Draft reply to André Lang

   Monsieur,
   the first question you do me the honour to ask is not an issue for me. I think that schools represent only the time necessary for a man of genius to be recognized. Immediately the school is dissolved and the new master comes to take his place beside the ancients of whom he is the continuation. It may take a very long time. No interior political crisis, no exterior conflict comes as a surprise, when one considers that Olympia, so much in harmony with the Ingres in the Louvre, was the prohibited work, the horror before which the best judges of the period recoiled in shock. I like to say over and again that Baudelaire, the condemned poet, was the most Racinian of poets. There is no doubt that one of these two - and I am talking about Racine here - is more immoral than the other. But the style is the same. Of course, owing nothing to anyone else, their contribution differs most importantly in Racine with respect to the accumulation of psychological truths, in Baudelaire in that which concerns the laws governing recollection. The latter, nevertheless, pleases me better in Chateaubriand, in Gérard de Nerval, where we see it suddenly occur, disconcerting the narrative. It takes up more of a place in Baudelaire but in a static state.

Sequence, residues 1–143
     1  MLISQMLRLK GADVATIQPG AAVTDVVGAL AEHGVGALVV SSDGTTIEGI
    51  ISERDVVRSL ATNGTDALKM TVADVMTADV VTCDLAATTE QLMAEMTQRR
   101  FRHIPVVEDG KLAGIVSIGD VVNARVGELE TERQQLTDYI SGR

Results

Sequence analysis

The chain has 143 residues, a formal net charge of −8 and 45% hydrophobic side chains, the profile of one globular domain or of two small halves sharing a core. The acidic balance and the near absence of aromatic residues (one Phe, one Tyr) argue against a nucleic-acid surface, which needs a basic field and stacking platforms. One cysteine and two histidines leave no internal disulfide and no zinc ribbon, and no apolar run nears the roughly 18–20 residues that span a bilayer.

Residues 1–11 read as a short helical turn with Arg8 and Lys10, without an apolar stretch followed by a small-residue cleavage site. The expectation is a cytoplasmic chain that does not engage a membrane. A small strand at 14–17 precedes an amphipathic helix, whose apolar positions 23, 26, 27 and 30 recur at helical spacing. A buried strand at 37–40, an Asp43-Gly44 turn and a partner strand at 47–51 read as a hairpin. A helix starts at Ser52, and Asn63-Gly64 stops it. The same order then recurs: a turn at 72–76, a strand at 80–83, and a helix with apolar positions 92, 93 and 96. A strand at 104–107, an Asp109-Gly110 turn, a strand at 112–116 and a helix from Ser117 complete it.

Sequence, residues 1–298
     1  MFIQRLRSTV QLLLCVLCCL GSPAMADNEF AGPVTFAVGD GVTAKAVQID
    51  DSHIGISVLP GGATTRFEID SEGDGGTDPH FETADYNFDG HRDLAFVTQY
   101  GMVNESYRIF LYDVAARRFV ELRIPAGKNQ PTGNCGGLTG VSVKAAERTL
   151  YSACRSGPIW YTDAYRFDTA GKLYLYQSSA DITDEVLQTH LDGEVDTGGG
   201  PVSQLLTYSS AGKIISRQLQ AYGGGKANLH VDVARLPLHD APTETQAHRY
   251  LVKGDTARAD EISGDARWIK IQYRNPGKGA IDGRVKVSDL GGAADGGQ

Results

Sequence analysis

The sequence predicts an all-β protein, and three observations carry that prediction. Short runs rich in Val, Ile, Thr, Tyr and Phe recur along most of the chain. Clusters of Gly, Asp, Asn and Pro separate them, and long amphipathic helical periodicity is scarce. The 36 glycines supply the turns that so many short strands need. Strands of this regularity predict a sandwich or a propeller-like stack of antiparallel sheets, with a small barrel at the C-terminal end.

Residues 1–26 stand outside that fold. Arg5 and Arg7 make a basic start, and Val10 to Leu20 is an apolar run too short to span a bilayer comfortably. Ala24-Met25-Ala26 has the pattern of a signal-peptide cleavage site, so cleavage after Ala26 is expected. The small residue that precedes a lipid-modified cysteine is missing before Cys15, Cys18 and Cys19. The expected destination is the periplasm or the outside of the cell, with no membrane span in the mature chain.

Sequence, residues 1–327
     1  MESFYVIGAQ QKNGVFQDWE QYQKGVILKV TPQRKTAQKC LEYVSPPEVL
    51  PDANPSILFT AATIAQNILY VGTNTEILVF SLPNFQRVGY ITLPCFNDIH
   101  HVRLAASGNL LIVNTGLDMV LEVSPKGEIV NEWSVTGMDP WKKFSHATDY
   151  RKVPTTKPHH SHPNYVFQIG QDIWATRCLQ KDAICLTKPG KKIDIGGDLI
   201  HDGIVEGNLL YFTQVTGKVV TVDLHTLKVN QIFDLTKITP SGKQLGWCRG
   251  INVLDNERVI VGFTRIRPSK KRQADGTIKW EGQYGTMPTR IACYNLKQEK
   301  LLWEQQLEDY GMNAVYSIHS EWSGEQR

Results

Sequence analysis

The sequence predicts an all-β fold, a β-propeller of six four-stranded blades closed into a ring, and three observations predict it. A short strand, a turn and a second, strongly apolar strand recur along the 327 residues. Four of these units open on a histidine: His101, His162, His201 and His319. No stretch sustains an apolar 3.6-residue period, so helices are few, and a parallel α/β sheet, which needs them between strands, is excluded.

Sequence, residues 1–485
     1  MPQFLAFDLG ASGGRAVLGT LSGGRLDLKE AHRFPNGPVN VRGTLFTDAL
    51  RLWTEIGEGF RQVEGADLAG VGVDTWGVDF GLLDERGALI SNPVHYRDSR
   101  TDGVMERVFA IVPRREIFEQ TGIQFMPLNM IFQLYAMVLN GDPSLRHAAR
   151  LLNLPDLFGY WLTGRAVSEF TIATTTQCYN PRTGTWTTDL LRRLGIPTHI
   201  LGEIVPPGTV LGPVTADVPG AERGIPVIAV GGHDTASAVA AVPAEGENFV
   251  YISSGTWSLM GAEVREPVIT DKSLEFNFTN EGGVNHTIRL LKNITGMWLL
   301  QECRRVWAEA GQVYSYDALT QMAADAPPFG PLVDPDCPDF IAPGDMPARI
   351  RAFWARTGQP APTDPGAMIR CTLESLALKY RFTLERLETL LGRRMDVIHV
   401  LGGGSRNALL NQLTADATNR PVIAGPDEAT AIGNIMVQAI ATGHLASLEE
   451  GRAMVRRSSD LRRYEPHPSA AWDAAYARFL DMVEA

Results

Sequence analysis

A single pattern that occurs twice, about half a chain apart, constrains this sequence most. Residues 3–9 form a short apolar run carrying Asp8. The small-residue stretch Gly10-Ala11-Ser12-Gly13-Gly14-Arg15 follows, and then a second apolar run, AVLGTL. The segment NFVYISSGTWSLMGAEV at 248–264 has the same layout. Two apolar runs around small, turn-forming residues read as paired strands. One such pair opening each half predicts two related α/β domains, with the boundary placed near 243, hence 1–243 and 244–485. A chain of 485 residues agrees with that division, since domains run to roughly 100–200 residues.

Draft of Proust's reply to André Lang, c. October 1921, different from the version printed in Les Annales politiques et littéraires, 26 February 1922.

 


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